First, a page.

The Canine’s skin forms a barrier to protect the body of the dog from infections, parasites, and the elements. It also maintains the body's internal environment, preventing loss of moisture and allowing sweat from apocrine glands. Because the skin is on the outside of the body, it is easily exposed to the environment and susceptible to injury and disease.
Puppies are born with a short, soft, and sometimes wooly-like hair. Sometimes the puppy hair, or fur as it is sometimes referred to, is a similar color to what is expected as an adult. Sometimes the puppy fur is slightly lighter when born.
Most puppies of all breeds develop a coarser, longer, and occasionally darker coat by six to eight months of age. Breeds and individuals have different rates of coat development. Factors such as lay length, hormones, average outdoor temperature, and nutrition may influence coat development as well.
Dogs have two types of hair in their coats. The second type of hair is the longer and stiffer outer hairs called primary hairs. Primary hairs are also referred to as guard hairs, outer hairs, or outer coat.
Even though all dogs have the shorter secondary hairs and longer primary hairs, the ratio differs by age and breed.
Newborn puppies lack primary hairs. That is why their coats are short and soft. Usually by six months of age most puppies have developed a good growth of primary hairs so their hair coats are longer and more coarse. Many variations exist amongst breeds as to the exact length, color, and texture of the hair coat. These coat differences are largely the result of the ratio of primary to secondary hairs and the texture of these individual hairs.
Each hair grows from a simple opening within the skin called a hair follicle. A puppy is born with all of the hair follicles she will ever possess. Any future differences or changes of the hair coat will be due to changes within the follicle. Each hair shaft produced by a hair follicle will eventually die, be removed (shed), and be replaced by a new hair shaft produced by that hair follicle. All dogs of every breed continually shed old dead hair from the follicle and replace it with a new live and growing hair.
There is no such thing as a non-shedding breed. The extent or rapidity to which an individual sheds is, however, governed by such factors as age, amount of sunlight, outside temperature, breed, sex, hormones, allergies, nutrition, and other factors.
Breeds and individuals within every breed will shed and regrow hair at varying rates. Indoor dogs, because of artificial heat and more importantly light, tend to shed in a more or less continuous fashion. Dogs kept outside tend to shed for several weeks during major seasonal changes, most notably in spring and fall. Usually they grow more secondary hairs or underfur in the fall for warmth. In the spring they lose the underfur and replace much of it with the longer primary or guard hairs. The hair coat changes in appearance and texture but the absolute numbers of hair follicles and hair does not.
The hair of a dog does not grow continuously, but in cycles.
Canine skin sheds every 21 days. Our dogs cannot groom themselves, they require exfoliating, rejuvenation, and comforting treatments from us to protect them!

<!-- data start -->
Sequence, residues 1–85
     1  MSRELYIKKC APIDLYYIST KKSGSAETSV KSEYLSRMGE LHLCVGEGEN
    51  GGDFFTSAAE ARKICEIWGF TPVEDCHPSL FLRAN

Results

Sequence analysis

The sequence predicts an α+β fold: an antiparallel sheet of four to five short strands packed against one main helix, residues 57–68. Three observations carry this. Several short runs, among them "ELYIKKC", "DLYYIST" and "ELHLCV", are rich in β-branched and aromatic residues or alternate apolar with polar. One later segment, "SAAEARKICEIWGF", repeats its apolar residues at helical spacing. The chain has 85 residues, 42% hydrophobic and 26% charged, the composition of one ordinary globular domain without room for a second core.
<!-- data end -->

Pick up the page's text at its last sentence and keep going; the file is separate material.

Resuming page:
Sometimes, we forget that our pets nails need monthly maintenance. We trim or grind (depending on what the pet will tolerate) to a safe distance to insure the quick will respond and recede, but not to cut the blood vessel. Sometimes that will leave the nail still looking long. We have included a chart to better help you understand! We encourage bi-monthly nail trims until the nails are the ideal length. Short nails take time!
Matted hair is an pet parents, groomers and dogs worst nightmare. Lack of proper brushing from the root creates a web that turns into a pelt that attaches to the skin and pulls, creating sore spots and irritation. Sometimes these are very small spots, and sometimes they encase most of your dog. We have groomed many beautiful coats that looked well maintained, only to find out that they were a cast of matted fur, with a nicely brushed top coat. We NEVER want to shave a dog short. It's is a worst case scenario, but in severe cases of matting, brushing it out is impossible and even dangerous to the dog.
We recommend starting at 8-weeks of age. The very first appointment is an introduction to the puppy and the owner to grooming. They will be introduced to a bath, blow drying, nail clipping, and slight trimming around the face, feet and sanitary region. We will warn you though, often times the first puppy groom can look a little crazy. Traditional grooming methods focus on restraint which is exceptionally detrimental to the experience and creates anxiety from the beginning. We ask for patience and understanding as your pup navigates learning all about grooming. You will quickly see a transformation from a silly pup to a well groomed, confident dog who enjoys the process after regular schedule appointments.
Additionally, we take great care in servicing our aging friends, we focus on using products to help preserve the skin and focus less on getting the perfect cut. We use extremely gentle techniques to ensure the best care for our seniors. All of our groomers are certified in Senior Pet Grooming through the AKC and the IPG.